For quite some time, the troops held their own against the determined and repeated attacks by the wild and ferocious hordes. A few attempts were made to send a relief column from Fort Lockhart but these were foiled by the tribes. At Saragarhi, the enemy made two determined attempts to rush the gate of the post and on both occasions the defenders repulsed the assault. While the enemy suffered heavy casualties, the ranks of the defenders too kept dwindling as the fire from the attackers took its toll and their ammunition stocks were depleting. Unmindful of his safety, Sepoy Gurmukh Singh kept signaling a minute-to-minute account of the battle from the signal tower in the post to Battalion HQs. The battle lasted the better part of the day. When repeated attacks failed, the enemy set fire to the surrounding bushes & shrubs and two of the tribesmen under cover of smoke, managed to close in with the post's boundary wall in an area blind to the defender's observation and rifle fire from the post holes. They succeeded in making a breach in the wall. This development could be seen from Fort Lockhart and was flashed
to the post.

A few men from those defending the approaches to the gate were dispatched to deal with the breach in the wall. This diversion by the enemy and the defenders' reaction resulted in weakening of the fire covering the gate. The enemy now rushed the gate as well as the breach. Thereafter, one of the fiercest hand-to-hand fights followed. One of the Havildar Singh's men, who was seriously wounded and was profusely bleeding, had taken charge of the guardroom. He shot four of the enemy as they tried to approach his charge. All this time, Sepoy Gurmukh Singh continued flashing the details of the action at the post. Beside this the Commanding Officer of 36th Sikh and others at Lockhart Fort also saw his unique saga of heroism and valor unfolds at Saragarhi. The battle had come too close for Sepoy Gurmukh
Singh's comfort, so he asked Battalion HQs for permission to shut down the heliograph and take up his rifle. Permission was flashed back. He dismounted his heliograph equipment, packed it in a leather bag, fixed bayonet on his rifle and joined the fight. From this vantage point in the tower he wrought havoc on the intruders in the post. He died fighting, but took 20 of the enemy with him. The tribes set fire to the post, while the brave garrison lay dead or dying with their ammunition exhausted. Next morning the relief column reached the post and the tell tale marks of the epic fight were there for all to see. The tribes later admitted to figure of 180 dead and many more wounded. This episode when narrated in the British Parliament, drew from the members a standing ovation in the memory of the defenders of Saragarhi. The story of the heroic deeds of these men was also placed before Queen Victoria. The account was received all over the world with awe and admiration. All the 21 valiant men of this epic battle were awarded the Indian Order of Merit Class III (posthumously) which at the time was one of the highest gallantry awards given to Indian troops and is considered equivalent to the present-day Vir Chakra. All dependants of the Saragarhi heroes were awarded 50 acres of land and 500 Rupees. Never before or since has a body of troops - that is, all of them won gallantry awards in a single action. It is indeed a singularly unique action in the annals of Indian military history.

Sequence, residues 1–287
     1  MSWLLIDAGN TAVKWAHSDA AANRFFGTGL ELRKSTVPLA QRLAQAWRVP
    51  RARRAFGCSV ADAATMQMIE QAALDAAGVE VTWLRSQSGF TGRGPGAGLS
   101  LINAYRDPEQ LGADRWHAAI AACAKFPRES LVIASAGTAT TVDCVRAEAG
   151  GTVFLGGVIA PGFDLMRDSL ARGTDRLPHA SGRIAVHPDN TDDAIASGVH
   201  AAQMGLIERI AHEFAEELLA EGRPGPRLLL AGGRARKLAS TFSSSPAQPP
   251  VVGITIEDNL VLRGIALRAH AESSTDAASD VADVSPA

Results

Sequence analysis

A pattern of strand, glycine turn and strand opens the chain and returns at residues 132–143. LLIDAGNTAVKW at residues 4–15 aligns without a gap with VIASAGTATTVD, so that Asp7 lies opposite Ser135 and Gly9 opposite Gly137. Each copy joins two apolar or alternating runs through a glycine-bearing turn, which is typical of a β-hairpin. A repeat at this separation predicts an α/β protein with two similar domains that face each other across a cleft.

A tablet erected in the memory of these brave men. The tablet reads;
"The Government of India have caused this tablet to be erected to the memory of the twenty one non-commissioned officers and men of the 36 Sikh Regiment
of the Bengal Infantry whose names are engraved below as a perpetual record of the heroism shown by these gallant soldiers who died at their posts in the defence of the fort of Saragarhi, on the 12 September 1897, fighting against overwhelming numbers, thus proving their loyalty and devotion to their sovereign, the Queen Empress of India, and gloriously maintaining the reputation of the Sikhs for unflinching courage on the field of battle."

> > 165 Havildar Ishar Singh
> > 332 Naik Lal Singh 834 Sepoy Narayan Singh
> > 546 Lance Naik Chanda Singh 814 Sepoy Gurmukh Singh
> > 1321 Sepoy Sundar Singh 871 Sepoy Jivan Singh
> > 287 Sepoy Ram Singh 1733 Sepoy Gurmukh Singh
> > 492 Sepoy Uttar Singh 163 Sepoy Ram Singh
> > 182 Sepoy Sahib Singh 1257 Sepoy Bhagwan Singh
> > 359 Sepoy Hira Singh 1265 Sepoy Bhagwan Singh
> > 687 Sepoy Daya Singh 1556 Sepoy Buta Singh
> > 760 Sepoy Jivan Singh 1651 Sepoy Jivan Singh
> > 791 Sepoy Bhola Singh 1221 Sepoy Nand Singh